First in fifty years: Moscow Zoo has now blue-tailed monitors

January 27
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For the first time in 50 years, the Moscow Zoo has now rare blue-tailed monitors. Two males and two females have been brought from the Indonesian island of Biak (Pacific Ocean). This reptile is on the IUCN Red List, with their number steadily decreasing.

'Last time Moscow Zoo had blue-tailed monitors in its collection was the 1970s. However, specialists then failed to get offspring from these unique reptiles. Now we want to provide them with the most comfortable conditions for life and reproduction. The objective of herpetologists (zoologists that study reptiles) is not easy to reach, as this is an understudied species. So our Zoo will research their behaviour and reproduction. We expect to make two couples and get offspring from rare blue-tailed monitors to become the first in the history of our Zoo,' said Svetlana Akulova, Director General of the Moscow Zoo.

She added that herpetologists would report the results of their research in scientific papers to share their expertise with colleagues from Russian and foreign zoos.

They like heat and moisture 

After a long flight from Indonesia to Moscow, the blue-tailed monitors were on a month-long quarantine, supervised by zoologists 24/7. The reptiles have settled in a new place and got used to the zookeepers. Visitors will see the lizards in May.

The monitors enjoy conditions close to natural. The temperature in terrariums is maintained above +28°C during the day and +22°C at night. Also, these lizards need high humidity. Each individual has a separate terrarium with a reservoir. The new Zoo inhabitants are still secretive and timid; they gradually get used to the presence of people and watch with interest what is going on around.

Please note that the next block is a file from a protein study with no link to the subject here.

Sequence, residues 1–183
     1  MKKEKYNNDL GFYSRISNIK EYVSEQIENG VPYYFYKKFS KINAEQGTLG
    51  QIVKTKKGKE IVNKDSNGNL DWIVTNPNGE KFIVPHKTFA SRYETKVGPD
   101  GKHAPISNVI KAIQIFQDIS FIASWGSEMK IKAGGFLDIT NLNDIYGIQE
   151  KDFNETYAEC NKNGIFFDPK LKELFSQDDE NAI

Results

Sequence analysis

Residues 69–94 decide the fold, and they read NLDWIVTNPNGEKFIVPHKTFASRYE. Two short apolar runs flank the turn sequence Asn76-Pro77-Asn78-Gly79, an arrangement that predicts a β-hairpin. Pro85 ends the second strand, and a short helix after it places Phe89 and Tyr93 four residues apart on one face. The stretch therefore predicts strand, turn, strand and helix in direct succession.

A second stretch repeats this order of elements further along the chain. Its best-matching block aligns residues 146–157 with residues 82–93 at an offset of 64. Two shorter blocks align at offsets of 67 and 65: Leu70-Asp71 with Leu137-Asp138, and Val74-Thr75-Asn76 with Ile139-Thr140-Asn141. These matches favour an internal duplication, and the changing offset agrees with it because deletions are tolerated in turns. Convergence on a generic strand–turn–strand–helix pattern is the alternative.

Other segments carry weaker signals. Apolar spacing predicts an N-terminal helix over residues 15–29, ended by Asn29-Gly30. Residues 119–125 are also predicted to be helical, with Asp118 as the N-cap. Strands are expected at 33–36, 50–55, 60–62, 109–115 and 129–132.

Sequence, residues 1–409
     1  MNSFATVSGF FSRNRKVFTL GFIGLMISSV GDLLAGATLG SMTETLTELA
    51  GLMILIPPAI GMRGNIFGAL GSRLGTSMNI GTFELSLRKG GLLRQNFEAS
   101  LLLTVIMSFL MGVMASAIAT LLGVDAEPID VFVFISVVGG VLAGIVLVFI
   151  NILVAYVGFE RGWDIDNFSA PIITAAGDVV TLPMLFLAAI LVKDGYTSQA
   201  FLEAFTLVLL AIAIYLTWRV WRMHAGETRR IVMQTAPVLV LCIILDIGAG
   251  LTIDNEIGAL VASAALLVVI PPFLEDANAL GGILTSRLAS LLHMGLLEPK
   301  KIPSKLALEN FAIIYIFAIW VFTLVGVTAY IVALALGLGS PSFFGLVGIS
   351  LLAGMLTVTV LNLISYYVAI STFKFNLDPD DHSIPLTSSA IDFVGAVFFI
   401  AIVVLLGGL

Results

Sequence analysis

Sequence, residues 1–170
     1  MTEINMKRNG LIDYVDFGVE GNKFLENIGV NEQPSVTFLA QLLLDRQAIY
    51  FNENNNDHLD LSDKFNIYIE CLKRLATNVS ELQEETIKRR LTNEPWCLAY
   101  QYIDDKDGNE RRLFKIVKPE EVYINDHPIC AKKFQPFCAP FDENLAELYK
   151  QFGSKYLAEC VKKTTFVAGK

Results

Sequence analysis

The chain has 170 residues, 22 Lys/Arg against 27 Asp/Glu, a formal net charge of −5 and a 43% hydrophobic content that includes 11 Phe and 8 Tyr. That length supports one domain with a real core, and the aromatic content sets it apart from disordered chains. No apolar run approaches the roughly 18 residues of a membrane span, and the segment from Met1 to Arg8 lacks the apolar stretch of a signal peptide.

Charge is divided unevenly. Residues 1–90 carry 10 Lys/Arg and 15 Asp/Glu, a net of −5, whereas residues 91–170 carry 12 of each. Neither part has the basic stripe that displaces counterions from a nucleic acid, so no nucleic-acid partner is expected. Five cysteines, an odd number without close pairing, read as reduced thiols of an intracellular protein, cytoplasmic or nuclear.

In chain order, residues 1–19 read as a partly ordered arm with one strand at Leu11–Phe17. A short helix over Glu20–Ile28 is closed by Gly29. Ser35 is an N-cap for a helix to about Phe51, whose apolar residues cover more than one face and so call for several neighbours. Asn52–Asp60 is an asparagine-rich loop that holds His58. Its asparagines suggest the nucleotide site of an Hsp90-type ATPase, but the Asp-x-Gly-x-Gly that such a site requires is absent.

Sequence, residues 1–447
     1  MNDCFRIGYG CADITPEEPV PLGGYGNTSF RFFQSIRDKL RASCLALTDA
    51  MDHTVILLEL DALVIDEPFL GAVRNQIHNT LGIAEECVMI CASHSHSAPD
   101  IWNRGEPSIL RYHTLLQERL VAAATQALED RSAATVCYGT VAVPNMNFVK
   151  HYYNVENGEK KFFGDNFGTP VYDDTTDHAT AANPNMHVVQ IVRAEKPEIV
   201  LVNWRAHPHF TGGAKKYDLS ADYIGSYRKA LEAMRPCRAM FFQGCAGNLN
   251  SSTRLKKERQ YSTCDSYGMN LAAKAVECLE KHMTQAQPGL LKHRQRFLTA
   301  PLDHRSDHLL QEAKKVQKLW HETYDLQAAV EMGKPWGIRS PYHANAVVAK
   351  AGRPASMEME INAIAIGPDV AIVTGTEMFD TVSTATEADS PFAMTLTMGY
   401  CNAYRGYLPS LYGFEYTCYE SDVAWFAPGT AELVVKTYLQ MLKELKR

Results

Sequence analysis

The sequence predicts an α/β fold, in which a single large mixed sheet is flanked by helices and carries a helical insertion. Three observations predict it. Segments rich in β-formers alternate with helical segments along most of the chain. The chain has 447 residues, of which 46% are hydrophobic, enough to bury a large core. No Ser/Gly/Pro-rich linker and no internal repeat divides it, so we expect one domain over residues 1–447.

In the wild, blue-tailed monitors live only on the northernmost tip of Cape York, on the Cape York Peninsula in Australia, and on the islands of New Guinea. They are quick both on the ground and on the trees. Also, monitors like to swim or lie in reservoirs, and pools heated by the sun.

Researchers first mentioned this monitor species in the late 19th century. To date, we do not know the exact number of these unique reptiles. According to zoologists, there are 35,000-70,000 blue-tailed monitor individuals in the wild. The animal population has been declining due to the deforestation, global environmental changes and poaching.

Blue-tailed monitors look striking. With adults reaching about 140 cm, their moving tail is almost twice as long as their body. It is mostly blue. Monitor's throat and abdomen have the typical marble white-yellow colour. Blue-tailed monitors have strong paws with long claws they use to cling deftly to a variety of surfaces. Monitors use their claws to hunt, too. This lizard usually feeds on small rodents, birds, bird eggs and various insects.

The Moscow Zoo regularly replenishes its collection, which boasts over 1,000 species now. Moreover, the Zoo takes part in the international rare species conservation programmes on an ongoing basis. An aardvark and three couples of gentoo penguins arrived in 2017.  In 2018, it received two Amur tigers, an Amur leopard, a secretary bird, crested curassows and a common trumpeter.

The arrival of two pandas from China was last year’s key event for the Zoo. Ru Yi and Ding Ding arrived to the Moscow Zoo within the international giant panda preservation, protection and research programme. They will live in the Zoo for 15 years. Giant Panda is on the IUCN Red List of Threatened Species as Vulnerable. They live in some provinces of China, in particular in Shaanxi, Gansu, Sichuan, and in Tibet.

The Zoo's collection boasts another treasure, a rare bird from tropical Islands — Bali starling. According to ornithologists, there are no more than several dozen Bali starlings in the wild. In 2019, the arrival of golden lion-headed tamarins, binturong, maned wolf and bush dog were long-awaited events for the Moscow Zoo.

Source: mos.ru

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